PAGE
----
United States District Court, D. Minnesota
Katharine T. Buzicky, United States Attorney counsel for
Roxanne Merrell, defendant pro se.
S. Doty, Judge United States District Court
matter is before the court upon the pro se motion by
defendant Roxanne Merrell to vacate, set aside, or correct
her sentence under 28 U.S.C. § 2255. Based upon a review
of the file, record, and proceedings herein, and for the
following reasons, the court denies the motion and denies a
certificate of appealability.
March 12, 2015, a jury found Merrell guilty of two counts of
production of child pornography, in violation of 18 U.S.C.
§§ 2251(a) and (e). Although Merrell faced a
sentence of 360 months' imprisonment under the
Guidelines, the court applied a downward variance and
sentenced her to 240 months' imprisonment on each count
to run concurrently. Merrell unsuccessfully appealed her
conviction and sentence to the Eighth Circuit Court of
Appeals. See United States v. Merrell, 842 F.3d 577
(8th Cir. 2016). Merrell now moves for relief under §
2255, arguing that her counsel was ineffective during trial
and at sentencing and that the court erred in admitting
certain evidence in the trial.
2255 provides a federal inmate with a limited opportunity to
challenge the constitutionality, legality, or jurisdictional
basis of a sentence imposed by the court. This collateral
relief is an extraordinary remedy, reserved for violations of
constitutional rights that could not have been raised on
direct appeal. United States v. Apfel, 97 F.3d 1074,
1076 (8th Cir. 1996). When considering a § 2255 motion,
a court may hold an evidentiary hearing. See 28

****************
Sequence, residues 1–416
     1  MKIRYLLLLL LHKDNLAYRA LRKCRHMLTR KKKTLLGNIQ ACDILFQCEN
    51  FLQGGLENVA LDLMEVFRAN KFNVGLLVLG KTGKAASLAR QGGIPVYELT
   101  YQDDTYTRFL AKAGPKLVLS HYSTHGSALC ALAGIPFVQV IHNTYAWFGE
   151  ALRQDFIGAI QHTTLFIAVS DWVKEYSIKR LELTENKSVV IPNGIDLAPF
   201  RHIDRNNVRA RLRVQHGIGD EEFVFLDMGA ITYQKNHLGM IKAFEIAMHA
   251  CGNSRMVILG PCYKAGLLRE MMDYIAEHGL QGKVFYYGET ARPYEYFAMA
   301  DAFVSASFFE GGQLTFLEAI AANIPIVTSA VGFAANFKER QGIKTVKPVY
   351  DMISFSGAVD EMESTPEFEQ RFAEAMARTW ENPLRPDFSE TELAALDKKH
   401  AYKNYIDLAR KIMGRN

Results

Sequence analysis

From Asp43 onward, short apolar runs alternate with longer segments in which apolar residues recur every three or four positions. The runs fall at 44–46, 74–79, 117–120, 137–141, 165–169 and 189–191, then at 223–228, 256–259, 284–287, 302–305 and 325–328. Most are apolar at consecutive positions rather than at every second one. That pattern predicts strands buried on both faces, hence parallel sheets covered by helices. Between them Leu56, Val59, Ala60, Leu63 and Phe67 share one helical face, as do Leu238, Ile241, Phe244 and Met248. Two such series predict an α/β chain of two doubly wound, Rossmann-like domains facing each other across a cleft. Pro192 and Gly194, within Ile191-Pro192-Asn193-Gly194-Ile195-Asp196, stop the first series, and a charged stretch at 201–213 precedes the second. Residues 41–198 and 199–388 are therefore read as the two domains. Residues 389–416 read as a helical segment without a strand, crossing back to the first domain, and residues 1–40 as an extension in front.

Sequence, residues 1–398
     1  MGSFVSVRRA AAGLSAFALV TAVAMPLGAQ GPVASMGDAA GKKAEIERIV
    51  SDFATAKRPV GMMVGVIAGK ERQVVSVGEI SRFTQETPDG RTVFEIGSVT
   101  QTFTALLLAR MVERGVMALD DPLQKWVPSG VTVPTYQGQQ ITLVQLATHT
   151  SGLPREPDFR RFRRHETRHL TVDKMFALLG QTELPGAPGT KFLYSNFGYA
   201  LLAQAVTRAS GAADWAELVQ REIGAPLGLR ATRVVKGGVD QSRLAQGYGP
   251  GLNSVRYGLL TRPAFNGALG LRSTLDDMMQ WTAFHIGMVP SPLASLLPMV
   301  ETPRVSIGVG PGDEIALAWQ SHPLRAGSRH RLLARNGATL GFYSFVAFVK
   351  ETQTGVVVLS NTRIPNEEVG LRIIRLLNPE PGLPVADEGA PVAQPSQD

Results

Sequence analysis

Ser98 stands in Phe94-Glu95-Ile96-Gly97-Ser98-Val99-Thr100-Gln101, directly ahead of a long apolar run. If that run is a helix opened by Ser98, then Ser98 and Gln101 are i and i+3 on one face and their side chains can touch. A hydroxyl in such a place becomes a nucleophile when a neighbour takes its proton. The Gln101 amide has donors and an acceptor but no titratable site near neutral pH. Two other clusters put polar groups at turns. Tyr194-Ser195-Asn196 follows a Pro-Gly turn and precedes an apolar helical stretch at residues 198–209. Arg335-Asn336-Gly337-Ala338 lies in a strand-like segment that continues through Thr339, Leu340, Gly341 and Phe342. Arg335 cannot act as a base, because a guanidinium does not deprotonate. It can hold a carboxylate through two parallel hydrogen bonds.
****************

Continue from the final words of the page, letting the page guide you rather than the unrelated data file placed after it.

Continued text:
U.S.C. § 2255(b). A hearing is not required, however,
when “(1) the petitioner's allegations, accepted as
true, would not entitle the petitioner to relief, or (2) the
allegations cannot be accepted as true because they are
contradicted by the record, inherently incredible, or
conclusions rather than statements of fact.”
Sanders v. United States, 341 F.3d 720, 722 (8th
Cir. 2003) (citation and internal quotation marks omitted).
Here, no hearing is required because the stated grounds for
relief are facially meritless.
Ineffective Assistance of Counsel
establish a claim of ineffective assistance of counsel,
Merrell must meet both prongs of the test set forth in
Strickland v. Washington, 466 U.S. 668 (1984).
First, Merrell must show that her counsel's performance
was so deficient that it fell below the level of
representation guaranteed by the Sixth Amendment.
Id. at 687. Second, she must establish prejudice by
showing “a reasonable probability that, but for
counsel's unprofessional errors, the result of the
proceedings would have been different.” Id. at
first argues that her counsel was ineffective in failing to
call certain witnesses on her behalf at trial who could
attest to her character and mental state. She also argues
that her counsel failed to interview witnesses with
exculpatory information before trial. As to the latter
argument, Merrell's claim fails because she provides no
detail as to the nature of the alleged exculpatory
information. As to the former, it is well established that
the “decision not to call witnesses is a
‘virtually unchallengeable' decision of trial
strategy.” United States v. Staples, 410 F.3d
484, 488 (8th Cir. 2005) (quoting United States v.
Davidson, 122 F.3d 531, 538 (8th Cir. 1997)). Merrell
has failed to establish that her counsel's decision not
to call certain witnesses was either unreasonable or outcome
determinative. There was ample evidence to support the
conviction, including Merrell's confession, which would
not have been undermined by testimony from witnesses
attesting to her character or mental state.
next argues that her counsel improperly advised her that she
would only receive a fifteen-year sentence if she went to
trial and that her counsel did not adequately prepare for
sentencing. She also argues that her counsel rejected an
offer from the government to plead guilty to transportation
of child ...